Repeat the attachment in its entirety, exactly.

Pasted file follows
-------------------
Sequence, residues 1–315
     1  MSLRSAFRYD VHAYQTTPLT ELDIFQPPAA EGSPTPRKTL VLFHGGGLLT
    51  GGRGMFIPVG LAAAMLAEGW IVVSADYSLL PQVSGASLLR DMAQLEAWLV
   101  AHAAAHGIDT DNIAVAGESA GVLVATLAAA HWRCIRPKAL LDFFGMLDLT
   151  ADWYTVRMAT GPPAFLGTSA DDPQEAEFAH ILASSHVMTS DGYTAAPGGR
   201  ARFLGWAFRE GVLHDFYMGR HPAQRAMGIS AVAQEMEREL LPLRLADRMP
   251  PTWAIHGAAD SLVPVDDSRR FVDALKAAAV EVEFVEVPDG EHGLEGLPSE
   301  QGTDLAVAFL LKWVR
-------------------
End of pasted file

Sequence, residues 1–315
     1  MSLRSAFRYD VHAYQTTPLT ELDIFQPPAA EGSPTPRKTL VLFHGGGLLT
    51  GGRGMFIPVG LAAAMLAEGW IVVSADYSLL PQVSGASLLR DMAQLEAWLV
   101  AHAAAHGIDT DNIAVAGESA GVLVATLAAA HWRCIRPKAL LDFFGMLDLT
   151  ADWYTVRMAT GPPAFLGTSA DDPQEAEFAH ILASSHVMTS DGYTAAPGGR
   201  ARFLGWAFRE GVLHDFYMGR HPAQRAMGIS AVAQEMEREL LPLRLADRMP
   251  PTWAIHGAAD SLVPVDDSRR FVDALKAAAV EVEFVEVPDG EHGLEGLPSE
   301  QGTDLAVAFL LKWVR